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The Adventures of Gerard Arthur Conan Doyle

The Last Adventure Of The Brigadier

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One night I was leaving the cafe when Captain Fourneau followed me, and touching me on the arm he led me without saying a word for some distance until we reached his lodgings. "I wish to have a chat with you," said he, and so conducted me up the stair to his room. There he lit a lamp and handed me a sheet of paper which he took from an envelope in his bureau. It was dated a few months before from the Palace of Schonbrunn at Vienna. "Captain Fourneau is acting in the highest interests of the Emperor Napoleon.

Those who love the Emperor should obey him without question.--Marie Louise." That is what I read. I was familiar with the signature of the Empress, and I could not doubt that this was genuine.

"Well," said he, "are you satisfied as to my credentials?"


"Are you prepared to take your orders from me?"

"This document leaves me no choice."

"Good! In the first place, I understand from something you said in the cafe that you can speak English?"

"Yes, I can."

"Let me hear you do so."

I said in English, "Whenever the Emperor needs the help of Etienne Gerard I am ready night and day to give my life in his service." Captain Fourneau smiled.

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"It is funny English," said he, "but still it is better than no English. For my own part I speak English like an Englishman. It is all that I have to show for six years spent in an English prison. Now I will tell you why I have come to Paris. I have come in order to choose an agent who will help me in a matter which affects the interests of the Emperor. I was told that it was at the cafe of the Great Man that I would find the pick of his old officers, and that I could rely upon every man there being devoted to his interests. I studied you all, therefore, and I have come to the conclusion that you are the one who is most suited for my purpose."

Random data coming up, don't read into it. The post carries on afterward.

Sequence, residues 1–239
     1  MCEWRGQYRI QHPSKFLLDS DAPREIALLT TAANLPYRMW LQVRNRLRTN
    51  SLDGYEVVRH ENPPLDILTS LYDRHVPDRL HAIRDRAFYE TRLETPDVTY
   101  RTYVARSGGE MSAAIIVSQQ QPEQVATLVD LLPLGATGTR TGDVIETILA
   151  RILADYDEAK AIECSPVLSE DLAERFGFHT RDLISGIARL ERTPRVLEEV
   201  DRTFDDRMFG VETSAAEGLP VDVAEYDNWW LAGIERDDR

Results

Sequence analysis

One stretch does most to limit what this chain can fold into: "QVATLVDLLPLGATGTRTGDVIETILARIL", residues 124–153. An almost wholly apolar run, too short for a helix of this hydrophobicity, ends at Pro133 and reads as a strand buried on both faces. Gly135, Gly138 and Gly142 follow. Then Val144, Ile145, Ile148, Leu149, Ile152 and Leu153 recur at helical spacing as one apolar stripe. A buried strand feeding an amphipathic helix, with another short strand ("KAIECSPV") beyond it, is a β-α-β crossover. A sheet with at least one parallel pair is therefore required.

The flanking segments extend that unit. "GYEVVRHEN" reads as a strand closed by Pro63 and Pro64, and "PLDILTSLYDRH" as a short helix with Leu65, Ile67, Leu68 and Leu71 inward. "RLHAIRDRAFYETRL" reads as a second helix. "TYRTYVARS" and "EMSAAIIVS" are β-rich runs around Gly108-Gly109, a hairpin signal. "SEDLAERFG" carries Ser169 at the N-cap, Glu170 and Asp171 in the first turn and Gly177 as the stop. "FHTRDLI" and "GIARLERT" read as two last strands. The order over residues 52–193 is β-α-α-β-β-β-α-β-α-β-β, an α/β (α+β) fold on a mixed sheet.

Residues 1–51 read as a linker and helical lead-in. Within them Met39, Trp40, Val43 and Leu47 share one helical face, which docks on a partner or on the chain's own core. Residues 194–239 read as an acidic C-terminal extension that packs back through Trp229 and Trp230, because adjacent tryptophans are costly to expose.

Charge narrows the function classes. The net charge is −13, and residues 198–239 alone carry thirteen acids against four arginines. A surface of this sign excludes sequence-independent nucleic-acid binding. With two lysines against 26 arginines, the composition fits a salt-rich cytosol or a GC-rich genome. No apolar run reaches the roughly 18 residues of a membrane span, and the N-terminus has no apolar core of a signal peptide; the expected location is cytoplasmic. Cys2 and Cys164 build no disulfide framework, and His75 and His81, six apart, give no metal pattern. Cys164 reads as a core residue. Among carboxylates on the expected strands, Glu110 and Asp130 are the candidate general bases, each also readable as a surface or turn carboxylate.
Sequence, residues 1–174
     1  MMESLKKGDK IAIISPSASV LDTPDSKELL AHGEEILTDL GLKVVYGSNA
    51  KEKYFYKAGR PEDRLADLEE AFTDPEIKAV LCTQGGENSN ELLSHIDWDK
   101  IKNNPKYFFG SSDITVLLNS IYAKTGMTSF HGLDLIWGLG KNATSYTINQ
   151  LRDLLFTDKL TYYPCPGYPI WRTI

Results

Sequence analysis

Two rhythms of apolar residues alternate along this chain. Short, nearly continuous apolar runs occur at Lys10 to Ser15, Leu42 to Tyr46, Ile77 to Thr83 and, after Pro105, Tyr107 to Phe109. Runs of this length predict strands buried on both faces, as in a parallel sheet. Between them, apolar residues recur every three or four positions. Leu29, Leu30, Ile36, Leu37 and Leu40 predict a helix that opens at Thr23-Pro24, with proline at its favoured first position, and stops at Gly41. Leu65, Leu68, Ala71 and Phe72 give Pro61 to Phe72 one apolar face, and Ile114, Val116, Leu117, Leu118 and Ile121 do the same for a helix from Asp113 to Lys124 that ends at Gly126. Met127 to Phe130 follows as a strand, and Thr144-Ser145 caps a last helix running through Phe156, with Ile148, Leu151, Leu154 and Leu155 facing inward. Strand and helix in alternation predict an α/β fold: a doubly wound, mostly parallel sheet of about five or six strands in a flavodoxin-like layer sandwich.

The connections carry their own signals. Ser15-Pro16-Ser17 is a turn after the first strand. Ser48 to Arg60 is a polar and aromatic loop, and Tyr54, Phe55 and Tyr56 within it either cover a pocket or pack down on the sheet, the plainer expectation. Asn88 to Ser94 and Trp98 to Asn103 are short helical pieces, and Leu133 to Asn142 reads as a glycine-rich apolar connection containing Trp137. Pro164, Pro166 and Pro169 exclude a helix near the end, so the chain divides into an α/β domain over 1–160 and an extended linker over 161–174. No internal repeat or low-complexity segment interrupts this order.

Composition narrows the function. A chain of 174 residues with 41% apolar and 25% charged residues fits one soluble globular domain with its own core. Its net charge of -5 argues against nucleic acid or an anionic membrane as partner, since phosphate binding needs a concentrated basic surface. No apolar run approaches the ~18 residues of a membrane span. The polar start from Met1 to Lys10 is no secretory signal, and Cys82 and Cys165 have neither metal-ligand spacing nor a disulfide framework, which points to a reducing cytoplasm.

I acknowledged the compliment. "What is it that you wish me to do?" I asked.

"Merely to keep me company for a few months," said he. "You must know that after my release in England I settled down there, married an English wife, and rose to command a small English merchant ship, in which I have made several voyages from Southampton to the Guinea coast. They look on me there as an Englishman.

You can understand, however, that with my feelings about the Emperor I am lonely sometimes, and that it would be an advantage to me to have a companion who would sympathize with my thoughts. One gets very bored on these long voyages, and I would make it worth your while to share my cabin."

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The Adventures of Gerard
Arthur Conan Doyle

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